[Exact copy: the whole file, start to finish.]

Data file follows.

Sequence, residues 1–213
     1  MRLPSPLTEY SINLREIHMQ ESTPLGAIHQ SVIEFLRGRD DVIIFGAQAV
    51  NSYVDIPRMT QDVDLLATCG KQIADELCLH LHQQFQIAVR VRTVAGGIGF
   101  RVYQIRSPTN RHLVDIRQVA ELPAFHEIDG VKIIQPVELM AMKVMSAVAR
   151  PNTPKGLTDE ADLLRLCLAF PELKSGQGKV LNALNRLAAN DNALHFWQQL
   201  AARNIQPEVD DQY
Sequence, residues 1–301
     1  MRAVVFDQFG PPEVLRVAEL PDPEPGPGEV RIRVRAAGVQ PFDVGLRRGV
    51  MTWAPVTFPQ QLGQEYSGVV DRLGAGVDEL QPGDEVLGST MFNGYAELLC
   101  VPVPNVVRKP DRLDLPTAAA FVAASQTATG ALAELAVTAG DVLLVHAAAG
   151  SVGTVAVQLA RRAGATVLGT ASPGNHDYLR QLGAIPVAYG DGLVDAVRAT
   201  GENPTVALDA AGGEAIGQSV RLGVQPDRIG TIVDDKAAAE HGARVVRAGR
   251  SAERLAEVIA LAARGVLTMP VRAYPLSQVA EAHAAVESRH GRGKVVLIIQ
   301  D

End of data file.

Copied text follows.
Sequence, residues 1–213
     1  MRLPSPLTEY SINLREIHMQ ESTPLGAIHQ SVIEFLRGRD DVIIFGAQAV
    51  NSYVDIPRMT QDVDLLATCG KQIADELCLH LHQQFQIAVR VRTVAGGIGF
   101  RVYQIRSPTN RHLVDIRQVA ELPAFHEIDG VKIIQPVELM AMKVMSAVAR
   151  PNTPKGLTDE ADLLRLCLAF PELKSGQGKV LNALNRLAAN DNALHFWQQL
   201  AARNIQPEVD DQY
Sequence, residues 1–301
     1  MRAVVFDQFG PPEVLRVAEL PDPEPGPGEV RIRVRAAGVQ PFDVGLRRGV
    51  MTWAPVTFPQ QLGQEYSGVV DRLGAGVDEL QPGDEVLGST MFNGYAELLC
   101  VPVPNVVRKP DRLDLPTAAA FVAASQTATG ALAELAVTAG DVLLVHAAAG
   151  SVGTVAVQLA RRAGATVLGT ASPGNHDYLR QLGAIPVAYG DGLVDAVRAT
   201  GENPTVALDA AGGEAIGQSV RLGVQPDRIG TIVDDKAAAE HGARVVRAGR
   251  SAERLAEVIA LAARGVLTMP VRAYPLSQVA EAHAAVESRH GRGKVVLIIQ
   301  D